How much data on your guest satisfaction, staff performance, and online reputation did you collect last quarter? How did you collect it, and where did you collect it from? And, most importantly, what did you do with it?
If your answer is a shrug of your shoulders, you’re getting left behind. Without solid data, your operational and marketing decisions are likely to be based on hunches and whims – not usually a sound business plan. Luckily, information and communication technology has evolved to the point where we have data collected from thousands, or even millions of individual actions at our fingertips.
TripAdvisor says that it has around 350 million reviews – and it frequently does studies and publishes the results for all to see. In 2012, Google received 1.2 trillion searches, and it uses data from these searches to produce publicly available reports and studies. Your hotel also probably gathers its own unique data from guests satisfaction surveys and your own listings on review sites and online travel agencies (OTAs).
What information is available to you
Because big data has become so much easier to access, many business people are tempted to believe that it is a new phenomenon and something to be intimidated by. The truth is that big data has always existed, but it has remained in the hands of the fortunate few who had the resources to collect it. Now all hoteliers have useful big data available to them.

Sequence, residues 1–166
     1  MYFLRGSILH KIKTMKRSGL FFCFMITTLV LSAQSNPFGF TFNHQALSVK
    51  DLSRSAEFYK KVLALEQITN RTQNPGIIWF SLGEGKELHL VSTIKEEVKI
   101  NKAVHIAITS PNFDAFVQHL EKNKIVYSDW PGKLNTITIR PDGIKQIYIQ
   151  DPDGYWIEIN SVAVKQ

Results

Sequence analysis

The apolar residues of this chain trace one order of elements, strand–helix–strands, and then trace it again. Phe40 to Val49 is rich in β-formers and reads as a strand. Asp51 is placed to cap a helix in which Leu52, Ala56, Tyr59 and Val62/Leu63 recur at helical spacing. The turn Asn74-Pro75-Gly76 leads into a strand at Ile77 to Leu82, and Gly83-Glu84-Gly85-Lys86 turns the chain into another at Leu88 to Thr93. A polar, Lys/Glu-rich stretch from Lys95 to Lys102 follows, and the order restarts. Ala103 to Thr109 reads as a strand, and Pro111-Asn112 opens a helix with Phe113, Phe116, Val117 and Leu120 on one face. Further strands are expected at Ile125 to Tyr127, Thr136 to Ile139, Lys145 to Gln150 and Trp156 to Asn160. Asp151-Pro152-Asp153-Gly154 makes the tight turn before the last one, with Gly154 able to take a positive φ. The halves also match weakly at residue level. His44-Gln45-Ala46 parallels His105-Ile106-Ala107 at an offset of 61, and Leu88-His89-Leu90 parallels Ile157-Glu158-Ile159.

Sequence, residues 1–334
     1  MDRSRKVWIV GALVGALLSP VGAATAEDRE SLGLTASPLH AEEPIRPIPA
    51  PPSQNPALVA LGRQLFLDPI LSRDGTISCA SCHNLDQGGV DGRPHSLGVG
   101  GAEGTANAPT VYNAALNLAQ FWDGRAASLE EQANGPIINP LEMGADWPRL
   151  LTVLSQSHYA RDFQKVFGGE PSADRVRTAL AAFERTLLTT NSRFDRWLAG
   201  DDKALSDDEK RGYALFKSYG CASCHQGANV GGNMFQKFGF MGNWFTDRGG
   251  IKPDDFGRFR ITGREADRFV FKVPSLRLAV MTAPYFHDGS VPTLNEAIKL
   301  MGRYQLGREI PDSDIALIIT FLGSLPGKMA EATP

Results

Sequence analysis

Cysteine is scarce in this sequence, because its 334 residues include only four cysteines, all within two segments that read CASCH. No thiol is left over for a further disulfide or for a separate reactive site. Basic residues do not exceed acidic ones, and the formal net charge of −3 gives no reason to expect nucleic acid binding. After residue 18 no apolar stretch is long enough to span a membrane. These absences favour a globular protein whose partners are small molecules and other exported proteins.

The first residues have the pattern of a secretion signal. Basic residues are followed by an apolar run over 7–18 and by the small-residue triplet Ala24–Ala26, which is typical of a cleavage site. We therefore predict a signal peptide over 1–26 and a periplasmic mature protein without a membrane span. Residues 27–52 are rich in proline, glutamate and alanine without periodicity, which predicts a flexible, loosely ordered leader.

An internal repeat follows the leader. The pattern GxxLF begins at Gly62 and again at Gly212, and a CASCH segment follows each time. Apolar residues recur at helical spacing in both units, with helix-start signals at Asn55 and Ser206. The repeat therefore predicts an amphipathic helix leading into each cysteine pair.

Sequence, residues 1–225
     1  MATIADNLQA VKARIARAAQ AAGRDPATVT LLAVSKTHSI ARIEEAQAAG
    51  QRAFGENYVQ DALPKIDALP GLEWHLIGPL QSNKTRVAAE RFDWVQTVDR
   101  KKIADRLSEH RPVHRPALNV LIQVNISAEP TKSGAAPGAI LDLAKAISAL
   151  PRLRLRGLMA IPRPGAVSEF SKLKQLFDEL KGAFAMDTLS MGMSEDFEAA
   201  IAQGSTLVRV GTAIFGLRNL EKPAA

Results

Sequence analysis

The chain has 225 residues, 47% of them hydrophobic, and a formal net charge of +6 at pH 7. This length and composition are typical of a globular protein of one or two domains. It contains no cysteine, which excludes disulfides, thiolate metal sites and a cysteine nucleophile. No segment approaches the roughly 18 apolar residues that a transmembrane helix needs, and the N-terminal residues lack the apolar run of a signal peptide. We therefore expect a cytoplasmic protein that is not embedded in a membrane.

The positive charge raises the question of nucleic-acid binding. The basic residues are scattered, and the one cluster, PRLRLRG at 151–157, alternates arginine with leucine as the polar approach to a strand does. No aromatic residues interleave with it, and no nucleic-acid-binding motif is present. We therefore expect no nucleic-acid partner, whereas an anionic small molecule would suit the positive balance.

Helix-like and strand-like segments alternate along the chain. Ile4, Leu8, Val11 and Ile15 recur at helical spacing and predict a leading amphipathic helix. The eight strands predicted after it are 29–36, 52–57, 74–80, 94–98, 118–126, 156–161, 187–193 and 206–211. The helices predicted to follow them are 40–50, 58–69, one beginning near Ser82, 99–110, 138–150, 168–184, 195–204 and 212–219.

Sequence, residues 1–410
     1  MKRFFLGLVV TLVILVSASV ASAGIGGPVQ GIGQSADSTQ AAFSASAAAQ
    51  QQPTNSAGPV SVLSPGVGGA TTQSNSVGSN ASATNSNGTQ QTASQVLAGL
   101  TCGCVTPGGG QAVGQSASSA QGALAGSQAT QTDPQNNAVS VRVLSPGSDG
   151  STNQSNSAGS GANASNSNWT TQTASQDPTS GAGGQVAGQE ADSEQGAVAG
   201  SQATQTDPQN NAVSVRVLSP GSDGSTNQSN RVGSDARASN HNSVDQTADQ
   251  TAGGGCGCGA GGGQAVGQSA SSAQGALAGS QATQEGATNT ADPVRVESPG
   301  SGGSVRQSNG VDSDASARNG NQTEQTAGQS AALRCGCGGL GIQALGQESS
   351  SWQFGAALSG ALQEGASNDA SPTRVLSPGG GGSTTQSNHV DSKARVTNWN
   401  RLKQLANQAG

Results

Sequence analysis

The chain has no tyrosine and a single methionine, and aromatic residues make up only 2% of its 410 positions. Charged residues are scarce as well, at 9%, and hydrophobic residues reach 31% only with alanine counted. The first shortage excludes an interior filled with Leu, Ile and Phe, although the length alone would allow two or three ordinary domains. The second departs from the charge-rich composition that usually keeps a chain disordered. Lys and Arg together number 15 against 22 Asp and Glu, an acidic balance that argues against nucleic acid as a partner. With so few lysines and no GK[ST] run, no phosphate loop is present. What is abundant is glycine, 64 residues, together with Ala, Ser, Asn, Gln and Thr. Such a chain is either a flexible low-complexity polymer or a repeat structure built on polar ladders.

The easiest place to find data about your own operations is in direct guest feedback and online reviews. A careful look at your TripAdvisor score and reviews and an analysis of your direct guest feedback can give you insights that can help you greatly with your marketing efforts and guide your operational decisions.
The trick is not so much finding the data as figuring out how to use it – how to turn your big data into smart data that will provide you with actionable intelligence that you can use to inform your business decisions.
Finding smart data in big data
When interpreting your data, the most important thing to remember is to filter. You are probably going to have far too much data to be able to read and interpret all of it thoroughly. Use your big data to discover insights about correlation, and use smart data to help you understand why those correlations exist.